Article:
Gender equality and sexual harassment will inevitably be a major topic of debate at this year’s Cannes Lions Festival of Creativity, whether at official events or in the many conversations surrounding them throughout the week.
But one of the industry’s most visible advocates on that front will be notably absent from the beaches of southern France this year: entrepreneur, public speaker and former agency executive Cindy Gallop.
Several women who spoke to Adweek about the festival said they were surprised or disappointed to learn Gallop would not be there. But Gallop, who has been calling on women to submit their own #MeToo stories for the better part of a year, argued that advertising’s most public podium might not be the best place to discuss the subject.
When reached for comment on whether Cannes should play a more active role in the movement, Gallop took a different tack than some other gender-equality advocates.
“I don’t want to see Cannes program #MeToo,” she wrote. “I want to see Cannes eradicate #MeToo.”
The solution, in Gallop’s mind, is a new code of conduct “that goes into every single registrant’s swag bag that you get handed when you register in the Palais, and that is pinned up at regular intervals on the walls of the Palais alongside the work” in addition to being mentioned by the leaders of every event, panel and celebratory dinner.
Gallop’s code, as she described it, would include calling on every man to watch out for improper behavior and “rescue women from situations that frequently involve an abuse of power that makes it particularly difficult for women to rescue themselves.”
She also stressed the need for a #MeToo hotline that doesn’t begin and end with a human resources representative but includes “counseling contacts and medical/rape center details where necessary.”
Ultimately, the code “should also include the fact that #MeToo whistleblowers are the true heroes of our industry, and that everyone exposing sexual harassers at Cannes will be celebrated for helping to remove the single biggest obstacle to true, gender-equal, diverse, effective, brilliant creativity in our industry,” Gallop wrote.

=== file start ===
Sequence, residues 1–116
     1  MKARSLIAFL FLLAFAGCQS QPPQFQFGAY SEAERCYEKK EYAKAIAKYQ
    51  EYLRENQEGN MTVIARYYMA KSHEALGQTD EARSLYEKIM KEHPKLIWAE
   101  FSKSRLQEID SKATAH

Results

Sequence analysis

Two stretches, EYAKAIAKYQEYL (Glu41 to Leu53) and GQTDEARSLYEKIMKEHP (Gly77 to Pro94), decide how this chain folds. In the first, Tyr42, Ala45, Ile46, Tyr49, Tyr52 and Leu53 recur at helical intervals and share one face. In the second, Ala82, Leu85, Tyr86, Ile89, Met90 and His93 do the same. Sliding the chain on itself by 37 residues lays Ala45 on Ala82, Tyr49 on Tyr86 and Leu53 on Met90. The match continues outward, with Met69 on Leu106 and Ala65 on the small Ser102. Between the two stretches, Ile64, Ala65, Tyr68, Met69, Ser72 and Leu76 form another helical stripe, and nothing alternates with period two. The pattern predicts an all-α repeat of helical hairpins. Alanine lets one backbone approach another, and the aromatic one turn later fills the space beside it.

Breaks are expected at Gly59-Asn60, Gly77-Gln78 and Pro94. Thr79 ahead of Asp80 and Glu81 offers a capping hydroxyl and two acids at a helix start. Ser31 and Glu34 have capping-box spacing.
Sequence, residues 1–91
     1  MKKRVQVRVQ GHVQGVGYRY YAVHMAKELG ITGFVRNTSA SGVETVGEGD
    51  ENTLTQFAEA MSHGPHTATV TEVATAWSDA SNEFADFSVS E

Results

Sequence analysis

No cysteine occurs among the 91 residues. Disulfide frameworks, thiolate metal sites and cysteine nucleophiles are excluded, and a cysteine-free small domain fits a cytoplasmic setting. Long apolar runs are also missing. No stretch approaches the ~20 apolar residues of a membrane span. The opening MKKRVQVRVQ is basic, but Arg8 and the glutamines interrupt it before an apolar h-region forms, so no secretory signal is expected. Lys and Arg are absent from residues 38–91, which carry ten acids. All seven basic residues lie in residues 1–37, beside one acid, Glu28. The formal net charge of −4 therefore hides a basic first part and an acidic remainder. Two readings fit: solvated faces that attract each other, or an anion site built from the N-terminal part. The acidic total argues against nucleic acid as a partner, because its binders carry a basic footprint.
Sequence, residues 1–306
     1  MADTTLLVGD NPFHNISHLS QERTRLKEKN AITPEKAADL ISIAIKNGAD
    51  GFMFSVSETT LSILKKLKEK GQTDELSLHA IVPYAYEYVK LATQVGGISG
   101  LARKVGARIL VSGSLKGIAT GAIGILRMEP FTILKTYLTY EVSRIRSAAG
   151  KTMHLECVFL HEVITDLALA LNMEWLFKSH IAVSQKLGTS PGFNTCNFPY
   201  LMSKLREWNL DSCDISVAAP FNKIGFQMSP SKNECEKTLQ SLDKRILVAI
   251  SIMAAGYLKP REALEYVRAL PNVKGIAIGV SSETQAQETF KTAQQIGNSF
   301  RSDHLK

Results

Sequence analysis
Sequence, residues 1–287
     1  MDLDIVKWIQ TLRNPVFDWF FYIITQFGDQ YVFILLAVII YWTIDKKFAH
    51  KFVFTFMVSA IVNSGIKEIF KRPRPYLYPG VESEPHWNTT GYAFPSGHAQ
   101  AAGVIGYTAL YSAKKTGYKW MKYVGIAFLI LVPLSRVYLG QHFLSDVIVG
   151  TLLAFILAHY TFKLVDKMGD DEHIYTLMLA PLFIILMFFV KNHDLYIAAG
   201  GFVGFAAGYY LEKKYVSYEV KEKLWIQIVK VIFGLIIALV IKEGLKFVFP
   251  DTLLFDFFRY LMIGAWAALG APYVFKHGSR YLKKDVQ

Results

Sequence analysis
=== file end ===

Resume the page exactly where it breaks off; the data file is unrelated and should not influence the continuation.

It’s a daring and perhaps unrealistic pitch, but some, like Wieden + Kennedy co-CCO Colleen DeCourcy, found it very appealing.
“We do need a neighborhood watch,” DeCourcy said in supporting Gallop’s call for signage. “[Cannes] is an easy place for people to get confused about what’s OK. It just needs to be said: We know it happens, and it’s not going to happen anymore.”
Or, as an internal memo sent to all IPG employees attending Cannes this year put it, “There can be a sense that this isn’t quite work or that we can behave differently, especially if alcohol is present.”
Spokespeople for Cannes Lions have not responded to a request for comment on the viability of Gallop’s suggestion.
Though the festival has avoided making formal changes to address harassment, next week may well bring some surprises. For example, an anonymous group of agency employees going by the #WomenCannes moniker plans to wear black and “roar” for female nominees in a protest similar to the one staged by Cannes Film Festival attendees last month.
Whatever happens, the entire industry will be watching closely.